Pressing the A Button will enable you to freeze the action for a bit to plan your drawings carefully. Doing so will turn the beautifully-rendered world into a series of mere sketches, like something out of a children's picture book. This feature is especially handy when you've just fallen off a platform and are about to die. In essence, you can stop time, carefully put something on paper to save yourself, and voila! When you're playing normally, though, Max & the Magic Marker certainly has a playful theme going for it. The visuals are really impressive, and they're sure to bring a smile to your face. However, what brings that feeling down are the odd times when the game decides to show signs of glitching. The music is also well-suited to Max's antics, effectively capturing the rascally attitude that you'd expect from boys of his age. Don't let the cartoony nature of it all fool you though, this game is deceptively challenging at some points!

Clearing each stage on your first try can take anywhere from a couple minutes to half an hour. And since there are 15 stages in all, getting through the entire game shouldn't take you more than a few hours. Rest-assured, though, that it is a fun ride while it lasts, and it's the sort of game that you'd easily want to pick up for a rainy day. Thankfully, once you get through the final world, the game is not over - there are supplementary elements that give the game replay value. For one, each world has a time medals that players can aim for. Of course, you won't know what the requirement is until you finish the level, but this just keeps you motivated all the while. There are collectable black bubbles featured in each stage, whether it be through hard-to-reach or secret puzzles. Both of these aspects give players reason to return, especially for completionists.

    The Extra areas on the main menu also contains a couple unlocks that become available as you fulfill certain conditions in the game. For example, the first secret you'll gain access to is the Playground area, which basically serves no purpose beyond just messing around in a large open space. Eventually, you'll also be able to toggle the 'Full Marker' on and off. Although achievements made using this feature won't count, you can always use this to explore or even challenge yourself for personal speed runs. Overall, although the game may not look like it, there's a surprising amount of reasons to keep playing this game even beyond completion, and this helps make the game more of a worthwhile investment.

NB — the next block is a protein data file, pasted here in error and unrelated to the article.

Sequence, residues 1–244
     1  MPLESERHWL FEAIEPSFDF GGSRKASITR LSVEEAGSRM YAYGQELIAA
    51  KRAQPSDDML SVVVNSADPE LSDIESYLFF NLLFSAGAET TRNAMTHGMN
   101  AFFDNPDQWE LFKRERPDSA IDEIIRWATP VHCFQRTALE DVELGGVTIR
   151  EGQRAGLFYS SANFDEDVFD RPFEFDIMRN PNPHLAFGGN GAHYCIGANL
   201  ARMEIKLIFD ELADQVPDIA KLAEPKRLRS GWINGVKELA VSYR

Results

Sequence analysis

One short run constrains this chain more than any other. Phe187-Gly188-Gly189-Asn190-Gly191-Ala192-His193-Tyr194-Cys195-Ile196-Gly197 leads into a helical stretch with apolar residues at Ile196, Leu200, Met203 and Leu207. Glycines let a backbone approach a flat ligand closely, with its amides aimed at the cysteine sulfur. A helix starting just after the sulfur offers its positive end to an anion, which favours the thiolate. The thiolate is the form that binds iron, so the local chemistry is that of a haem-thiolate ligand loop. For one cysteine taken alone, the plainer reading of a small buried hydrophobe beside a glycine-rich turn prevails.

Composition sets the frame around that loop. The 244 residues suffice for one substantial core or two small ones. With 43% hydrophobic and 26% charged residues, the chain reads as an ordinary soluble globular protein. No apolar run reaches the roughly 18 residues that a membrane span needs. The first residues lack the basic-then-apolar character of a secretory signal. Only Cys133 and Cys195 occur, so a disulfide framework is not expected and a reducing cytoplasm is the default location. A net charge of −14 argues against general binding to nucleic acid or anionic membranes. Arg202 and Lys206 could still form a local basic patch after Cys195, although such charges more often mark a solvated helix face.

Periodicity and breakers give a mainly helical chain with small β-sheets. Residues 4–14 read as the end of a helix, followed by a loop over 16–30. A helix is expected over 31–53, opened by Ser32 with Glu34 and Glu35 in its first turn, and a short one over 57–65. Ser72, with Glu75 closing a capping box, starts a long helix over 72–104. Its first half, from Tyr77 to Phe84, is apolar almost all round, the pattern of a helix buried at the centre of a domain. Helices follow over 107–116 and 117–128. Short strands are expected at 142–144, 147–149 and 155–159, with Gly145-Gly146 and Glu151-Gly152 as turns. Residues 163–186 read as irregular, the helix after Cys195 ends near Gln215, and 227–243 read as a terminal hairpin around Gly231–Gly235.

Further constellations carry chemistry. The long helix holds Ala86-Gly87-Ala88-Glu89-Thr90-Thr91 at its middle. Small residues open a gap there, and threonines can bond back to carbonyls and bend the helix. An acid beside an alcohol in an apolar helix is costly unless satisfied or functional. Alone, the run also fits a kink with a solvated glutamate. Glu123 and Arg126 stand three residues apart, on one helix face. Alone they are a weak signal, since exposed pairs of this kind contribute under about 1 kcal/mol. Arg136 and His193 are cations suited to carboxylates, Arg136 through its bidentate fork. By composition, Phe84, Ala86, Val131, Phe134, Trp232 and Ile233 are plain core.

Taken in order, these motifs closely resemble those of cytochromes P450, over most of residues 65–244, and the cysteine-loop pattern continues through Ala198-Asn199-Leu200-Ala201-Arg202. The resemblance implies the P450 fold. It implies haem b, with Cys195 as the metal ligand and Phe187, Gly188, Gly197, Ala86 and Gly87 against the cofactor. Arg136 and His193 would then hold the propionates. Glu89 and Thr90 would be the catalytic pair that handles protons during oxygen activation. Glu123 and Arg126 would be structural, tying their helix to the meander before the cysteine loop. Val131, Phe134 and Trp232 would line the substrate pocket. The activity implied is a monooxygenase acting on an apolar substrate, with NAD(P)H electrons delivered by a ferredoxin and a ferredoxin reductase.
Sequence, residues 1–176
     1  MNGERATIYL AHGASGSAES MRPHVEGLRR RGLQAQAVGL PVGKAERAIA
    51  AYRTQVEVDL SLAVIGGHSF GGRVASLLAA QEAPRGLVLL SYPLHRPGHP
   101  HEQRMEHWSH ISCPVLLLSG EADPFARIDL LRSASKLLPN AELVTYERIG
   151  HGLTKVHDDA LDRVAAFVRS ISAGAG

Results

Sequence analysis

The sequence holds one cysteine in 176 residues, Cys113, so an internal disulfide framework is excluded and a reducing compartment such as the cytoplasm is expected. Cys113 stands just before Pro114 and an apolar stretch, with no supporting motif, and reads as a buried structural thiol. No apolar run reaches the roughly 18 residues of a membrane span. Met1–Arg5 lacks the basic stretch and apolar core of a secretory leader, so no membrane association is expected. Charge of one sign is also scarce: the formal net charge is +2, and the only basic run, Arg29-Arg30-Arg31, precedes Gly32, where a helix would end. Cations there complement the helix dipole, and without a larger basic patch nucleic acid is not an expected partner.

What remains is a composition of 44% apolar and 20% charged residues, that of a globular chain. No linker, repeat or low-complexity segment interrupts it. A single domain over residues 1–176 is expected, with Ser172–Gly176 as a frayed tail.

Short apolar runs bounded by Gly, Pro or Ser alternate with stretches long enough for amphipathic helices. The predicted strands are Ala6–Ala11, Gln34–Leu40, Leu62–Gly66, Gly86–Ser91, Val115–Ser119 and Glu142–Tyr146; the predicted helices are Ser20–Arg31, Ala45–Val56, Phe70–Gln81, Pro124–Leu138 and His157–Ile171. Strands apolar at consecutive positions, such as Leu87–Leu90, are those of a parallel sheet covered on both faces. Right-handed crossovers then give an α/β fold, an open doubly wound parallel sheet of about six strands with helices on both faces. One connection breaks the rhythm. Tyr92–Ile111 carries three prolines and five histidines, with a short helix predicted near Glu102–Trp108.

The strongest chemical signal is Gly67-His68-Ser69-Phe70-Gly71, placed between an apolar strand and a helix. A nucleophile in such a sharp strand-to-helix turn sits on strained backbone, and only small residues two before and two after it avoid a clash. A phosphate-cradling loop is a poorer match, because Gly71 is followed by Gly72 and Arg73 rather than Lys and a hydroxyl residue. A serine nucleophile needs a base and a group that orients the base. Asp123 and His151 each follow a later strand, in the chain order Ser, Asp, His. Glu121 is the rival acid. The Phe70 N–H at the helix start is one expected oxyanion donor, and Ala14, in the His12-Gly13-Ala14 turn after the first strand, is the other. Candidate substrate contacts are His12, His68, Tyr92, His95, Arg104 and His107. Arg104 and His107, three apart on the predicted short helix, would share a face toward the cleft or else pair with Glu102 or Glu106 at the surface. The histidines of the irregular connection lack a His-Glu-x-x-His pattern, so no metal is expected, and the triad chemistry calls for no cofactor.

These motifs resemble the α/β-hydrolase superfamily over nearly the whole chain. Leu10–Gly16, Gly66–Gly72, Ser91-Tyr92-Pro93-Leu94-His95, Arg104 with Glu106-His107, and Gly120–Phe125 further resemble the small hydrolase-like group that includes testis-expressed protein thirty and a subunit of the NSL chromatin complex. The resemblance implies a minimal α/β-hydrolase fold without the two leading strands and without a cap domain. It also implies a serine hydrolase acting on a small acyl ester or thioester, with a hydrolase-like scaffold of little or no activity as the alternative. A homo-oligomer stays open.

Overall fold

As a $10 title, Max & the Magic Marker is a thoroughly fun adventure to romp through. It's an excellent addition to the WiiWare catalog, alongside other platforming experiences such as LostWinds and NyxQuest. The minute negatives of the package don't bring it down enough to prevent me from recommending it. It's something I can see a lot of people enjoying, especially amongst families and nearly anyone who has a little kid inside of them. Although the game may not be as lengthy as some might hope, there's enough content for completionists/OCD-sufferers to come back to. Definitely add this to your list of games to get.

26/30 - Very Good

Gameplay 9/10 - Drawing aspect is explored pretty well, good puzzle element, not restricted by time limits, multiple ways to reach the same result
Presentation 9/10 - Top-notch visuals, impressiveness of this release faulters slightly when glitches pop up, undeniable charm
Enjoyment 4/5 - Will constantly bring a smile to your face, opportunities to express yourself, fun to play with someone else, great for families
Extra Content 4/5 - Quest takes a few hours, time medal, fun game to make speed runs in, secret unlocks, extras add more hours to the game

Equivalent to a score of 87% (percentage score is approximate and based solely on the previously stated rating)

Review by KnucklesSonic8

Max & the Magic Marker